How are you feeling now about the exams and treatments that are yet to go?
This semester I have no exams. I requested that the subject I enrolled in this semester did not have any exam attached (I do however have assignments). The chemo really does affect your memory and I still struggle getting words out and remembering some things. It is frustrating but hopefully continues to get better over time.
The treatment that I am on now is a 5 year medication that supresses the estrogen hormone in the body. There are side effects to this as well but so far it has not been too bad. The hot flushes have increased a bit and later one it is likely that the muscle and joint pain will come back (a side effect I got on the second round of chemo).
So far I am feeling ok with this medication, however it is a hassle still to have all the hospital appointments. They are not nearly as frequent as the chemo and radiation, but they are annoying.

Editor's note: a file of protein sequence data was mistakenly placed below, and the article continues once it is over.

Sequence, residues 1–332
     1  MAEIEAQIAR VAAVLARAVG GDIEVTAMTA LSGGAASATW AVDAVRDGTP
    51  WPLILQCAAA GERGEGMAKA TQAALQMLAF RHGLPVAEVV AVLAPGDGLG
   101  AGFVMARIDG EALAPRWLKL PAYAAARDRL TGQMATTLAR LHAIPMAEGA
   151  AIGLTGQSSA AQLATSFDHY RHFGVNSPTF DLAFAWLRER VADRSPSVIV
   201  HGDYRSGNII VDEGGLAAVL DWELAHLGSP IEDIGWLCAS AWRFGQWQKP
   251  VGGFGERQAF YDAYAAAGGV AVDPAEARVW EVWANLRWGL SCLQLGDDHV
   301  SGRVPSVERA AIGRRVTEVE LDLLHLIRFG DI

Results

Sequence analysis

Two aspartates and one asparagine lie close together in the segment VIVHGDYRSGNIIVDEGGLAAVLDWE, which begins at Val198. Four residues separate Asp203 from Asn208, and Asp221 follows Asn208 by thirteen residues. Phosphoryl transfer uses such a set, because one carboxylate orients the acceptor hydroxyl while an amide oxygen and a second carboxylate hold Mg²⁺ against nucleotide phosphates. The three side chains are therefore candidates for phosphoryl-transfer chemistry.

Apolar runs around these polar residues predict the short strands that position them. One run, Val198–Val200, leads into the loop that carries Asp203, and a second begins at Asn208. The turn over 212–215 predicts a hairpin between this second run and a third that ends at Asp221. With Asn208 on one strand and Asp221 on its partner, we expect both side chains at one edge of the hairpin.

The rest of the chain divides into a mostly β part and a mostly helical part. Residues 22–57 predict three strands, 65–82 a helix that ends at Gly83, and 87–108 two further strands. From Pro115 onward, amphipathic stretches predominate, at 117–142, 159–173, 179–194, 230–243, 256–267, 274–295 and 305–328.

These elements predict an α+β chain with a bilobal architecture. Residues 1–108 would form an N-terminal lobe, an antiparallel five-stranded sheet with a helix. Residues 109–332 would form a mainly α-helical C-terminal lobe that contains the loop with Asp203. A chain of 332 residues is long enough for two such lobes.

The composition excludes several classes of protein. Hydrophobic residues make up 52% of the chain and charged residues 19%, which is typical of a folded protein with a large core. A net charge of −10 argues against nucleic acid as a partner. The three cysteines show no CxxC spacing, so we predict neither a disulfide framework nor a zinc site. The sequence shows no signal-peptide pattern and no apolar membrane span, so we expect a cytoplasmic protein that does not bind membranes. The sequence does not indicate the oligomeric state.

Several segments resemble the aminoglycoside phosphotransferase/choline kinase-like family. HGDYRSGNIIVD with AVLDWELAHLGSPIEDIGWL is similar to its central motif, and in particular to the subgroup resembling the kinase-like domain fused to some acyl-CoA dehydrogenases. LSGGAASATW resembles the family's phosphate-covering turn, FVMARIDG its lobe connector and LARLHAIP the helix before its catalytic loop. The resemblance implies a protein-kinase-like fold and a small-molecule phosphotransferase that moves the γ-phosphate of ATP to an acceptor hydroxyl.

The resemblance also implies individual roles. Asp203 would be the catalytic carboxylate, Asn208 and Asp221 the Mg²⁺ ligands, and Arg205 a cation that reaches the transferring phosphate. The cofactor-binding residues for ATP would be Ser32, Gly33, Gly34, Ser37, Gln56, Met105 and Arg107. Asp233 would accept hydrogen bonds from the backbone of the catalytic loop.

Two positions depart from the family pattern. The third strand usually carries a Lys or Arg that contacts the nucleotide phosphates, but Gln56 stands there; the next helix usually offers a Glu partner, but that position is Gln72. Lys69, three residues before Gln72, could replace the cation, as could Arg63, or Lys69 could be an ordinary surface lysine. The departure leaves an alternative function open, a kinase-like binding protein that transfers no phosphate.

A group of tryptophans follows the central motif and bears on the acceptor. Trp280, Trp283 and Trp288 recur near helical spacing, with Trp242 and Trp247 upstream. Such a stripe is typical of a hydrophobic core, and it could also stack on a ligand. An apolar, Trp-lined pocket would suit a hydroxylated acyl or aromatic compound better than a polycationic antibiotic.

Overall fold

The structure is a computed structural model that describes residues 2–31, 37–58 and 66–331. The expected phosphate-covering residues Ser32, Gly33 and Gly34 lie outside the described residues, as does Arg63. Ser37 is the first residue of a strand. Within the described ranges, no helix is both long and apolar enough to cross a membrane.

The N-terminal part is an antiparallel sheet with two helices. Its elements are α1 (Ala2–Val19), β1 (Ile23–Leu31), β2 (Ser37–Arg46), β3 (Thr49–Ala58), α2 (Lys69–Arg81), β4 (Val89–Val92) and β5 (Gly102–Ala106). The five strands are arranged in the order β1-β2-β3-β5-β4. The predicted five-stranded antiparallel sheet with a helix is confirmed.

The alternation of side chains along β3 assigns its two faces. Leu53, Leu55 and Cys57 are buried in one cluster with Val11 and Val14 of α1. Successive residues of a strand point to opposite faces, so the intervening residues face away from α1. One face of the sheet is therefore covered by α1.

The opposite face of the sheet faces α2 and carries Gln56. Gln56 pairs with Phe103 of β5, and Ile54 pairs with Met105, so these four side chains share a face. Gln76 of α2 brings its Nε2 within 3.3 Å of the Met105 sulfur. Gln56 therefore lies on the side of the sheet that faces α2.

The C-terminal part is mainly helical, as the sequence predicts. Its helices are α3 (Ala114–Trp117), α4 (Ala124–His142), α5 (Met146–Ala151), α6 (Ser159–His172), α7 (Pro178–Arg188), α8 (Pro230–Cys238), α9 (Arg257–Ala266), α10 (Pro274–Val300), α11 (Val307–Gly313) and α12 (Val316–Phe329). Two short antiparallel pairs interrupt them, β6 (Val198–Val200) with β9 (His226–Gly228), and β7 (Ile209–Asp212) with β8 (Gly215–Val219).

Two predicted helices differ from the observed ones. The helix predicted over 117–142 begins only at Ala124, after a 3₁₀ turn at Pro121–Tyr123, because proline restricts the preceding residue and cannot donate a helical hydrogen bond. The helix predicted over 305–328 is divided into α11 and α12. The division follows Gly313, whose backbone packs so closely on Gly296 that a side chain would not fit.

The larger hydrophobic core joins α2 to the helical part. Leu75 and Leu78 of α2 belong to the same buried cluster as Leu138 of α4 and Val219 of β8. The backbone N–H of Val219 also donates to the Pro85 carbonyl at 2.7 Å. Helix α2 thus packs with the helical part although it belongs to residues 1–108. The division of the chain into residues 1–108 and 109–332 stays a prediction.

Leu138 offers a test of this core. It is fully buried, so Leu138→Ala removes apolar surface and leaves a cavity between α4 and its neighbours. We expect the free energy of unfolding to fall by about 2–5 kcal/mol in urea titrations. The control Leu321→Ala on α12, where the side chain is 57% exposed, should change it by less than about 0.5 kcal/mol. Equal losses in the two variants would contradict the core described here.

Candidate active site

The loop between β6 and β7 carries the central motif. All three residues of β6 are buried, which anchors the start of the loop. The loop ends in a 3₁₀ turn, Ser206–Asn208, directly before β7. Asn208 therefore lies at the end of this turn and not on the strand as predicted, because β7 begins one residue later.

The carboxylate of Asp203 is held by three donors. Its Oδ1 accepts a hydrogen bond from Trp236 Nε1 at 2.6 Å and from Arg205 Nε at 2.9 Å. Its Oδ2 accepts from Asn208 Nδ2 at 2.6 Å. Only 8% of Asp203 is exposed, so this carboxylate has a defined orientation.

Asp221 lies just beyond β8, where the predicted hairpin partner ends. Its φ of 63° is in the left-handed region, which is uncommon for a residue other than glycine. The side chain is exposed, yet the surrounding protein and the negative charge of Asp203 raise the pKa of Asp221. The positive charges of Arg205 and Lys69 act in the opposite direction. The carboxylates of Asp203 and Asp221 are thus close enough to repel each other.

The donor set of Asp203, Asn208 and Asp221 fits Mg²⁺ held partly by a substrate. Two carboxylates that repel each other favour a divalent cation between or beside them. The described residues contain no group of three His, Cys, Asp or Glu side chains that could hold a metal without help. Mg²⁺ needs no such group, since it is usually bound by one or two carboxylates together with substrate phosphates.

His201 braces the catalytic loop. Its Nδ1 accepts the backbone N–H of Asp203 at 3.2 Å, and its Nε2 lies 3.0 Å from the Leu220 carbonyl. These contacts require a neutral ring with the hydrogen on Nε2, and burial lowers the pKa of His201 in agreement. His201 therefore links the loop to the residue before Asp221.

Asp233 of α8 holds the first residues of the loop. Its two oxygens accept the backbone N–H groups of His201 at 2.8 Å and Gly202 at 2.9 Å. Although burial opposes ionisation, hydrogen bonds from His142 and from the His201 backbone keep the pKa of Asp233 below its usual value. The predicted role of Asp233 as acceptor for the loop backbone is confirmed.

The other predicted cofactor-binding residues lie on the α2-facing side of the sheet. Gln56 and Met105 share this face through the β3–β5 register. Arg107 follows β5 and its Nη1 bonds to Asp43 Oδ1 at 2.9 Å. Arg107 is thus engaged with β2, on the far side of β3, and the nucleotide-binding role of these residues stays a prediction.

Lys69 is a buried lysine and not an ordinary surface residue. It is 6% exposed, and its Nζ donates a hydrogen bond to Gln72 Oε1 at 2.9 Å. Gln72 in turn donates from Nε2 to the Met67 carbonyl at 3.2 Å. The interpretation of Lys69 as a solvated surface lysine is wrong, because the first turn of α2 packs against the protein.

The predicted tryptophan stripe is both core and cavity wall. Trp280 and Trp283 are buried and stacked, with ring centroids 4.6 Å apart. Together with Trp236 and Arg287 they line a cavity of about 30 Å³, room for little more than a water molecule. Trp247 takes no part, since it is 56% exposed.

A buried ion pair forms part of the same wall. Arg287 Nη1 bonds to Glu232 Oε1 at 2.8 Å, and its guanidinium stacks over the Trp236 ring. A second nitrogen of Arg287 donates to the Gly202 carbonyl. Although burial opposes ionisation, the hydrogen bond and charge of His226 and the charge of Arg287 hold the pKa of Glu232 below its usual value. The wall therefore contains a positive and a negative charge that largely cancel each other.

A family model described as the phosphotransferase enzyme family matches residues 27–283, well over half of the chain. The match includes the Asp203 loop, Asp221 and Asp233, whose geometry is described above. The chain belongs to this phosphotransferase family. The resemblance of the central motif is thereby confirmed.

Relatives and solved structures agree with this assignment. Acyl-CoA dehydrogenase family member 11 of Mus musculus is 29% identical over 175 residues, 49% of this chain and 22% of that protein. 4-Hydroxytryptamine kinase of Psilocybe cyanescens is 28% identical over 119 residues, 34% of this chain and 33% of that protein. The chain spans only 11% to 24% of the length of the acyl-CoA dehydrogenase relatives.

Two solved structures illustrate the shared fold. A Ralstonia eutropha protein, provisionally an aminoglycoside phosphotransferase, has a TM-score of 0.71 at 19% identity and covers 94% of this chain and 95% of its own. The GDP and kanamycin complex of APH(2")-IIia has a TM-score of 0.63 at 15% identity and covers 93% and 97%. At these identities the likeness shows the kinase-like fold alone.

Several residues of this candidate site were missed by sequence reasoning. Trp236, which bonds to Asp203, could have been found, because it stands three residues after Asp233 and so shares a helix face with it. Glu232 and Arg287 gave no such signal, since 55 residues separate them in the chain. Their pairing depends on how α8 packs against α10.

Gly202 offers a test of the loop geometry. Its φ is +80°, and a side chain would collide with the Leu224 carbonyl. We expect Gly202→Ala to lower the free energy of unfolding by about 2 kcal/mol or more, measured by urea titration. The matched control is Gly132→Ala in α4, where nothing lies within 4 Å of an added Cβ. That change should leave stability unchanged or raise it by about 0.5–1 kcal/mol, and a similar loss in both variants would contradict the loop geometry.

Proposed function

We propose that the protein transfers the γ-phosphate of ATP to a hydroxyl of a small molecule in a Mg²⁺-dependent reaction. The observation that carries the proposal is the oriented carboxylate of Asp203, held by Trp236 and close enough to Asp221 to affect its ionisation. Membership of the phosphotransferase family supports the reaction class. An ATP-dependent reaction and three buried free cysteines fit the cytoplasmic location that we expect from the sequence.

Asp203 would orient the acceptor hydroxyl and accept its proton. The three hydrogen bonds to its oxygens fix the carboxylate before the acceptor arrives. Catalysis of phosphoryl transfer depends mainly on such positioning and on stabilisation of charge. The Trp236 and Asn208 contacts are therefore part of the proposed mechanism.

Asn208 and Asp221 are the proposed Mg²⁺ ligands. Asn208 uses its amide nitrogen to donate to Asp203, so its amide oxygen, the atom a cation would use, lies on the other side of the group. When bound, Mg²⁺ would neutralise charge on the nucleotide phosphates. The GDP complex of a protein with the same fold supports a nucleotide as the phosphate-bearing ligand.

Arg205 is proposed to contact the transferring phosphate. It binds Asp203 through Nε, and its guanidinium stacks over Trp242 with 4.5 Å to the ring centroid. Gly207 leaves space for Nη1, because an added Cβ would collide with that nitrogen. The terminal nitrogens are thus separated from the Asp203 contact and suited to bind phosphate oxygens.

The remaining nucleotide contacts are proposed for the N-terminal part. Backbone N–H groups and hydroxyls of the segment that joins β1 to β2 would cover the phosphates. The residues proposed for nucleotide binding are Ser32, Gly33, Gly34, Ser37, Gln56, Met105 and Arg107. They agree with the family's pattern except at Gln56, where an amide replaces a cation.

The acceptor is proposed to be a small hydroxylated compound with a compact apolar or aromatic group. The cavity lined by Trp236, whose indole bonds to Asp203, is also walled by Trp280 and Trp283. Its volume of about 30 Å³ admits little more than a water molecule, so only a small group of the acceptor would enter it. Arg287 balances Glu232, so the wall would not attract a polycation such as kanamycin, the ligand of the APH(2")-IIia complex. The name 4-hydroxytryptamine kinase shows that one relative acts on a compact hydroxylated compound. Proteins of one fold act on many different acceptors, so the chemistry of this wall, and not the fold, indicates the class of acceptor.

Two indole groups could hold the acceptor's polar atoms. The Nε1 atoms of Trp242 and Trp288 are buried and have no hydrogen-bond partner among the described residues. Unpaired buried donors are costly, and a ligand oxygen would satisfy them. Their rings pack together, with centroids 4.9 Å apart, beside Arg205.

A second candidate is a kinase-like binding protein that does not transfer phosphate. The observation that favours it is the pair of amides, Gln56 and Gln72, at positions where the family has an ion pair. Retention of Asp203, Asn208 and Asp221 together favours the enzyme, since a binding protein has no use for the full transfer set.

Let’s finish with a message of encouragement – what would you like to say to women about prevention, self-examination and regular check ups?
Check your boobs!
Learn the warning signs – do you have a dimple that wasn’t there previously? Can you feel a lump that doesn’t really hurt? (Painful lumps can often be benign).
Have some fun and ask your partner to check them for you. I sure they will be very obliging….
Do not put off getting a check up because you are scared of the outcome.
Do not put off getting a check up because you are scared of the outcome.
Be strong, be brave and be awesome.
Thank you Laura from your IAHA family. Our deepest and most sincere thoughts are with you and your family. YOU ARE A WARRIOR and we know you can smash this!
Lets see how many ladies we can get to ‘DO THE CHECK!’
October 12, 2020
Categories: IAHA News
Posted by: Renae Kilmister